I’m in a hip-hop type of mood right now, so hip-hop goes up first. Plenty more of these will be up in the coming days.
Eminem- Recovery (2.5/4)
Eminem’s second album in as many years is just about the exact opposite of Relapse, the hardcore concept album that alienated a large portion of his established fan base. Recovery is essentially pop rap, full of catchy hooks, straightforward lyrics, and a few well known guests. While the songs are consistently catchy, far too many are skippable diversions at best. The subject matter is more personal, often more literal, but Em’s apologies and promises for the future get repetitive. On top of that, the pop star guests are outdone by the ones that aren’t given a “featuring” credit. Liz Rodrigues supplies the chorus for “25 to Life” and “Almost Famous,” and it’s a shame that Liz or a singer of her talent couldn’t have replaced Pink or Rihanna on their featured tracks. However, with all it’s problems and inconsistencies Recovery’s saving grace is Eminem’s genuine honestly. There is passion in his voice, and you know that he means what he says. This is the type of undeniable passion that is missing from mainstream rap today, and it gives Recovery a necessary human element. For every ten minutes of boring filler, there is a song like “Space Bound” or “Love the Way You Lie” that reminds the listener of the power in Marshall Mathers’ voice and lyrics. If Eminem can channel that passion into a more consistent album, then he might be able to truly get out of the “comeback” phase.
The Roots- How I Got Over (3.5/4)
Emcees often write about the golden age of hip-hop, reminiscing of the days before the art of rhyming became commercialized. Many greats have taken us back to the time and place of hip-hop’s finest hour, but few have managed to return us to the state of mind one feels when they first fall in love with the genre. The latest album from The Roots achieves the latter. How I Got Over is a true breath of a fresh air, not just in terms of lyrics and beats, but in terms of the passion and love for hip-hop that bleeds from its core. This is a hip-hop album through and through, and it’s something any fan of the genre, young or old, can fall in love with.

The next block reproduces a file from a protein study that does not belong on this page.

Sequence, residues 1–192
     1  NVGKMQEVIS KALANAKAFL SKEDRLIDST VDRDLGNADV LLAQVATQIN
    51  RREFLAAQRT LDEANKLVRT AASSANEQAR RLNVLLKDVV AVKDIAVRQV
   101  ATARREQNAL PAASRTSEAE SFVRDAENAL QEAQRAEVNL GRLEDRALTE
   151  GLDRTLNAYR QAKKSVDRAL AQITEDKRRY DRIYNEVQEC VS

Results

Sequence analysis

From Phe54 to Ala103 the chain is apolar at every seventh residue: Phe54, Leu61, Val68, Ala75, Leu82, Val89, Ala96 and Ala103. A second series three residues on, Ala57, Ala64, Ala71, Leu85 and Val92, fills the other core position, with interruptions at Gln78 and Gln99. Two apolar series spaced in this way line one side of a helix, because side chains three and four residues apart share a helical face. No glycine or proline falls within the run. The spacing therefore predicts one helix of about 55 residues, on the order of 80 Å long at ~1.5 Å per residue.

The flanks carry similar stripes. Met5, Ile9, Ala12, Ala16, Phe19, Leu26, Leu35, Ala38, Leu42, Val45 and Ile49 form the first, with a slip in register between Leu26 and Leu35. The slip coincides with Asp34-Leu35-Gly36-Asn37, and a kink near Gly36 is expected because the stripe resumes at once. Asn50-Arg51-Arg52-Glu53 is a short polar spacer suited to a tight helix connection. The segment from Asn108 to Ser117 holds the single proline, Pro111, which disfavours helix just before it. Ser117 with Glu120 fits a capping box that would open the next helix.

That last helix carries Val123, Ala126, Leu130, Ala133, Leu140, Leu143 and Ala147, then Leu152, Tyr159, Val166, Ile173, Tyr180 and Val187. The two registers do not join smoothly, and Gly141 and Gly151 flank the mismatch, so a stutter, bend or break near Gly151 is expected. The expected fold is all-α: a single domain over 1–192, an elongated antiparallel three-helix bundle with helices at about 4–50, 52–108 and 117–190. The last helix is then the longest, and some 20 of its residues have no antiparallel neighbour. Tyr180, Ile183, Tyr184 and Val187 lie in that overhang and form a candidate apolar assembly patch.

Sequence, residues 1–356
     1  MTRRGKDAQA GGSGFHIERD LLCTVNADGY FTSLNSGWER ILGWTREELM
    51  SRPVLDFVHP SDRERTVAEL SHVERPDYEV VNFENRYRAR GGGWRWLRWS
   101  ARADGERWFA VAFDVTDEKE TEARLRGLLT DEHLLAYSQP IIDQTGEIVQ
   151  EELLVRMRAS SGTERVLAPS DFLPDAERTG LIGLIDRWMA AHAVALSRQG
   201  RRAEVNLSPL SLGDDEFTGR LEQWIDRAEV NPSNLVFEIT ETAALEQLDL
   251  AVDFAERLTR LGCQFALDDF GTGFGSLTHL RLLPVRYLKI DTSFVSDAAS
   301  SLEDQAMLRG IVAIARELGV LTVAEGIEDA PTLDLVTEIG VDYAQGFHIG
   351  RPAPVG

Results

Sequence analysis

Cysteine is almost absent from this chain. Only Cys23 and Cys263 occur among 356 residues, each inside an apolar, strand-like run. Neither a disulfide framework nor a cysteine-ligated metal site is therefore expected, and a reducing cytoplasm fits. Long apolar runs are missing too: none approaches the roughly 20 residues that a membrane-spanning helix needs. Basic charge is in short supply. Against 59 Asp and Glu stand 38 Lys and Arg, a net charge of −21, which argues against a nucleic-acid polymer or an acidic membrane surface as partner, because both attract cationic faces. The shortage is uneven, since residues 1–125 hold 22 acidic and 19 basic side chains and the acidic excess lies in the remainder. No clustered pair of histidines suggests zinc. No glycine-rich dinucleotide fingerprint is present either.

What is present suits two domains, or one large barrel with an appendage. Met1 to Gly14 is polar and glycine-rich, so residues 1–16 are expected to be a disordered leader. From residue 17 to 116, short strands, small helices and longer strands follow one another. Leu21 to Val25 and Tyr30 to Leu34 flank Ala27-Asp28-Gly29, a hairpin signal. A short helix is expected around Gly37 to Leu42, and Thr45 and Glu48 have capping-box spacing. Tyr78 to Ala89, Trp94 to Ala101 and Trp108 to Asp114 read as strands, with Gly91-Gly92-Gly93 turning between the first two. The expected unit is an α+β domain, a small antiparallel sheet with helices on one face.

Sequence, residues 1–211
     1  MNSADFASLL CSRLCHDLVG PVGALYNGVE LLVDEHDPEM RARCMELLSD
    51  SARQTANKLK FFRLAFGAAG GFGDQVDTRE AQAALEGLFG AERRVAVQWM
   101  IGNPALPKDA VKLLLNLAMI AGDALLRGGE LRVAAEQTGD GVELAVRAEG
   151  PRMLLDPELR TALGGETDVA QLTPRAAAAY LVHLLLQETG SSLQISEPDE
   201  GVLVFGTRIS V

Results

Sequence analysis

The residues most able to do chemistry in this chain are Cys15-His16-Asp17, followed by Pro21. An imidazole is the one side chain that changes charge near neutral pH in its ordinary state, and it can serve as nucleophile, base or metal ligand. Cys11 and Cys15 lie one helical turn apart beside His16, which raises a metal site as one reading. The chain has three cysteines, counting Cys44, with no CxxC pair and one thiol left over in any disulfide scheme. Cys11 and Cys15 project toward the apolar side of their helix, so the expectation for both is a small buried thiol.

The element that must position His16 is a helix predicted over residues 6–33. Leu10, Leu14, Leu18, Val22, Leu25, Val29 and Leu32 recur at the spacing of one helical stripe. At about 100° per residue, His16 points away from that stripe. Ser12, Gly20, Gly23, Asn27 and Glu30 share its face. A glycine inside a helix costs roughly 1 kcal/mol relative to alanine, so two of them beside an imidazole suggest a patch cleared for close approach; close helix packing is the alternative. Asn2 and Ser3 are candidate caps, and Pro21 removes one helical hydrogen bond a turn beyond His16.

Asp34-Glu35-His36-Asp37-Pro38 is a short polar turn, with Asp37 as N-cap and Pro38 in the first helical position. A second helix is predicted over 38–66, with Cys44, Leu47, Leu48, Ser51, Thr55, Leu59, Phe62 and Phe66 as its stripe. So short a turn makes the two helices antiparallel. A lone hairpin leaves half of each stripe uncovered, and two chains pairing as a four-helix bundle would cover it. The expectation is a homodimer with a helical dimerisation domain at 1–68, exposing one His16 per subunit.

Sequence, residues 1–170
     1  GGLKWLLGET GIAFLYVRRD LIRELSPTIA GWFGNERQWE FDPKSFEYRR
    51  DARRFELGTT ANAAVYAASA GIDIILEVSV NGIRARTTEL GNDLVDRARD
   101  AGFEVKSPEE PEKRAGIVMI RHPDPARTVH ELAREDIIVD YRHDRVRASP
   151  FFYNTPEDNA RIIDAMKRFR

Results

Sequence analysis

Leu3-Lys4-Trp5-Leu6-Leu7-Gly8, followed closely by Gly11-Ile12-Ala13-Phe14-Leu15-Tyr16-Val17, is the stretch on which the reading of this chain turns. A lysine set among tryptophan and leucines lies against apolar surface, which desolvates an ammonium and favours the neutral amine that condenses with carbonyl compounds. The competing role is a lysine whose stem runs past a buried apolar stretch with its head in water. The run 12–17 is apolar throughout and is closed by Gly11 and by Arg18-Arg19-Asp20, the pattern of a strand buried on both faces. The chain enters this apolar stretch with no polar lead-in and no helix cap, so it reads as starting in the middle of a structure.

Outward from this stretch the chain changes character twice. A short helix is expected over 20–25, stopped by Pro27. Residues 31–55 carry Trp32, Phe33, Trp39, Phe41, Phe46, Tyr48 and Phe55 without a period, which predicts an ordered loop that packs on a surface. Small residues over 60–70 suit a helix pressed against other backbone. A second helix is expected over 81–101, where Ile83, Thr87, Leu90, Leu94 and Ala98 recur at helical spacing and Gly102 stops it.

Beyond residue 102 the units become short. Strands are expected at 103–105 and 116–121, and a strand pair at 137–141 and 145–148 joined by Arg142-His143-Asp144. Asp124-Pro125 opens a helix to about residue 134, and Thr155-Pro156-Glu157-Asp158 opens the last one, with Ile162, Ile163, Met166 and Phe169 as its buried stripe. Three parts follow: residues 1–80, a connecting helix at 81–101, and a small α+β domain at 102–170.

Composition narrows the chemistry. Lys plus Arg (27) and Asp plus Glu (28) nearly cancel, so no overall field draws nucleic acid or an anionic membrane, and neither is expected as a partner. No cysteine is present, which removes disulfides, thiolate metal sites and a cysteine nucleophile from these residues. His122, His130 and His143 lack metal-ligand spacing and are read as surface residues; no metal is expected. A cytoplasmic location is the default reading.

Atmosphere- To All My Friends, Blood Makes the Blade Holy: The Atmosphere EP's (3.5/4)
While technically billed as a “double EP",” To All My Friends… is as long as a full length album, and it’s one of the best hip-hop releases of 2010. Much like other Atmosphere EP’s, the songs are more single based and generally more upbeat. There is no concept tying the tracks together, and as such it feels like listening to an extended Sad Clown EP. Fortunately, that’s a good thing. Slug and Ant have done some of their best work outside of Atmosphere’s major releases, and it’s great to hear the more fun and playful side of Atmosphere side for longer than four or five songs at a time. Also true to from are Slug’s outstanding lyrics. He keeps it simple on To All My Friends…, but every word is necessary and used with meaning. “The Best Day” is an example of this, as well as the highlight of the 12 tracks, as it’s hard not to relate to Slug’s storytelling. Sometimes a simple song reminding you that everyone goes through their own shit is just what you need to get through the day.
Drake- Thank Me Later (1/4)
Now I’ve heard it all. I’ve listened to thousands of rap albums since falling in love with hip-hop, but I can say with absolute certainly that I’ve never heard a professional emcee have this much trouble staying on beat. Rhythm is an essential part of rap, and Drake doesn’t have it. Drake’s problems with flow are similar to an amateur just learning to rap. It’s ridiculous that a major recording artist would have trouble staying on beat and actually rhyming. However, this is just one of the many problems with Thank Me Later. The beats are generic mainstream garbage, the singing is handled entirely with repetitive auto-tune, and Drake tries far too hard to sound like a conscious lyricist. He says simple things in complex ways, and his metaphors are often laughable. Please, don’t buy into the hype. Maybe Drake deserves some credit for avoiding the sexist clichés and offensive subject matter popular in mainstream rap these days, but I refuse to believe that hip-hop is in such an awful state that simply not rapping about cars and hoes is enough to justify legitimate praise. There are plenty of underground emcees (and a few mainstream ones for that matter) who avoid those clichés, all of which are better than Drake.
Kid Cudi- Man on the Moon II: The Legend of Mr. Rager (2/4)
It’s interesting that Cage is featured on Kid Cudi’s sophomore album, as Cage’s Depart from Me is exactly what The Legend of Mr. Rager reminds me of. Much like last year’s Cage album, this is slow melancholic hip-hop/indie rock hybrid from an artist learning to create music without drugs. Cudi is clearly a creative artist, and there are as many interesting ideas here as on the first Man on the Moon, an album ripe without potential and largely devoid of execution. However, Cudi still isn’t a good rapper or a good singer, and his talent limits what he can do with his creativity. Cage’s aforementioned Depart from Me executed similar ideas in a much more effective way, in part because Cage is a strong enough emcee to pull of different types of rap. Cudi isn’t. Man on the Moon II makes for a frustrating listen because of this. There are plenty of talented emcees who don’t have the creative mind of Kid Cudi, but without flow, coherent lyrics, or a singing voice that doesn’t rely on studio effects, his ideas fall flat.